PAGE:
#20 Comment By Franklin Evans On December 27, 2017 @ 2:59 pm

R.C.: What part of The Lesser Of Two Evils do you not get?

It’s simple, really, if it requires a bit of verbiage to explain.

The people we elect to federal office carry a responsibility to serve all of their constituents, regardless of how many of them voted to elect them. It’s an implied trust and obligation, never more clearly stated than in their oath of office.

So, I retort more plaintively than sarcastically: what part of earning and maintaining the trust of the constituents do you not get?

Moore is a local problem for Alabama. The registered voters there get to make their own decisions, on their own criteria. If they trust Moore to serve them, that should be the final criterion for voting for him. If, on the other hand, the evidence of his character suggests that he is less than fully trustworthy — please note, I did not right nor do I imply any judgment of his competence — then Lesser of Two Evils boils down to the question of trust. Jones won the election as much or more on Moore supporters just declining to cast their ballots for him, as on people voting for Jones.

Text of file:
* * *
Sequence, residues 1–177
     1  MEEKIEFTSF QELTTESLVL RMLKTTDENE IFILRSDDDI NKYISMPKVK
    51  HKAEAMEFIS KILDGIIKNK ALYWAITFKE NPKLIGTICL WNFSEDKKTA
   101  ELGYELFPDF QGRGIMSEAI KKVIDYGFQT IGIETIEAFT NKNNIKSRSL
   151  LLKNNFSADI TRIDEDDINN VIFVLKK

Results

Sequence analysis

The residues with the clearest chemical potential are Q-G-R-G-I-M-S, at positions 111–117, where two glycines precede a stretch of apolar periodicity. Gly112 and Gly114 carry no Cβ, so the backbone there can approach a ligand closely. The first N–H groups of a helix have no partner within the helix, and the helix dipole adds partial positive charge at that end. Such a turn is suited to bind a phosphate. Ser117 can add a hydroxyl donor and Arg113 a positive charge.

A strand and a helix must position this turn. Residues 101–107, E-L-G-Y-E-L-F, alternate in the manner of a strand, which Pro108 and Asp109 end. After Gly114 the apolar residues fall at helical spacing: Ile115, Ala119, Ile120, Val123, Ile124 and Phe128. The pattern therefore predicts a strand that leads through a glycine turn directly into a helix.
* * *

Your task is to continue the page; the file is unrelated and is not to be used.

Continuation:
#21 Comment By Noah172 On December 27, 2017 @ 3:37 pm

jamie wrote:

Don’t bring it up, it makes you look glib and uninformed

Let’s see who is glib and uninformed here.

Jayson Blair and Dan Rather were fired in disgrace, their careers ruined

Rather was fired from CBS, but since then, he has hosted and produced news/interview programs (plural), and appears regularly as a commentator on MSM programs. A mainstream publisher issued his autobiography.

You should look up the meaning of the words “disgrace” and “ruin”.

Ross is still on suspension

For his latest transgression. He has caused ABC numerous embarrassments for years. Go to Ross’ Wikipedia page and read the “Controversies” section — which isn’t comprehensive, even though it lists four egregious examples (including the recent one). Google “brian ross taking on toyota” for more of his #FakeNews. He should have been fired a long time ago, not suspended.

Russians did hack a computer in Vermont’s power utility

A laptop not connected to the grid, with malware publicly available for purchase, which could have entered the computer because the human user clicked a bad website. No proof of Russian government or even Russian anybody involvement.

Like many of Trump’s other employees, Melania Kauss worked in the US without a proper visa.

Melania was not Trump’s employee.

The link you provide, dated a few days before the general election, was not the original story. The original story, appearing months earlier, implied that Knauss had worked for years (1995 or 96 to 2001) in the US illegally and had lied to the public about what kind of visa she had. (Turns out the State Department had put special restrictions on H1B3’s from the former Yugoslavia during the period in question.) Later reports implied she may have lied about her educational credentials to obtain her visa and later permanent residency. (Fact check: H1B3, for fashion models, requires no educational credential, unlike other H1Bs.)